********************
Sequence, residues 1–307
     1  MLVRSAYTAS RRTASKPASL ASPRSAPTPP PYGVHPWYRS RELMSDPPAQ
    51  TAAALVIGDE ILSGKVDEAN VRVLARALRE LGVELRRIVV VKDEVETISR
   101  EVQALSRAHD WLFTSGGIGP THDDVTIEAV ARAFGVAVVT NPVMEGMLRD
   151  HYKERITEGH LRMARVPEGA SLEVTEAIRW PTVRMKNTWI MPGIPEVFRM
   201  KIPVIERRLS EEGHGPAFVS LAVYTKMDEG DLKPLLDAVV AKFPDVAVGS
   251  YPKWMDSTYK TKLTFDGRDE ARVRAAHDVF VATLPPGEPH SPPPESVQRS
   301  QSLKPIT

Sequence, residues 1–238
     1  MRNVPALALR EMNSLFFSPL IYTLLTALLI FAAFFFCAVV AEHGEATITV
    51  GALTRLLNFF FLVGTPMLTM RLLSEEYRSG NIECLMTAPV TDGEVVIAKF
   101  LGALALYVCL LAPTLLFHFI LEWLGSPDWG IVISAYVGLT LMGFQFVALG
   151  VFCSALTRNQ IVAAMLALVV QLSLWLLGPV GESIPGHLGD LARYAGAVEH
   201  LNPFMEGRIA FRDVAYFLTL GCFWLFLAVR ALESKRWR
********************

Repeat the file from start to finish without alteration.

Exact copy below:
Sequence, residues 1–307
     1  MLVRSAYTAS RRTASKPASL ASPRSAPTPP PYGVHPWYRS RELMSDPPAQ
    51  TAAALVIGDE ILSGKVDEAN VRVLARALRE LGVELRRIVV VKDEVETISR
   101  EVQALSRAHD WLFTSGGIGP THDDVTIEAV ARAFGVAVVT NPVMEGMLRD
   151  HYKERITEGH LRMARVPEGA SLEVTEAIRW PTVRMKNTWI MPGIPEVFRM
   201  KIPVIERRLS EEGHGPAFVS LAVYTKMDEG DLKPLLDAVV AKFPDVAVGS
   251  YPKWMDSTYK TKLTFDGRDE ARVRAAHDVF VATLPPGEPH SPPPESVQRS
   301  QSLKPIT

Sequence, residues 1–238
     1  MRNVPALALR EMNSLFFSPL IYTLLTALLI FAAFFFCAVV AEHGEATITV
    51  GALTRLLNFF FLVGTPMLTM RLLSEEYRSG NIECLMTAPV TDGEVVIAKF
   101  LGALALYVCL LAPTLLFHFI LEWLGSPDWG IVISAYVGLT LMGFQFVALG
   151  VFCSALTRNQ IVAAMLALVV QLSLWLLGPV GESIPGHLGD LARYAGAVEH
   201  LNPFMEGRIA FRDVAYFLTL GCFWLFLAVR ALESKRWR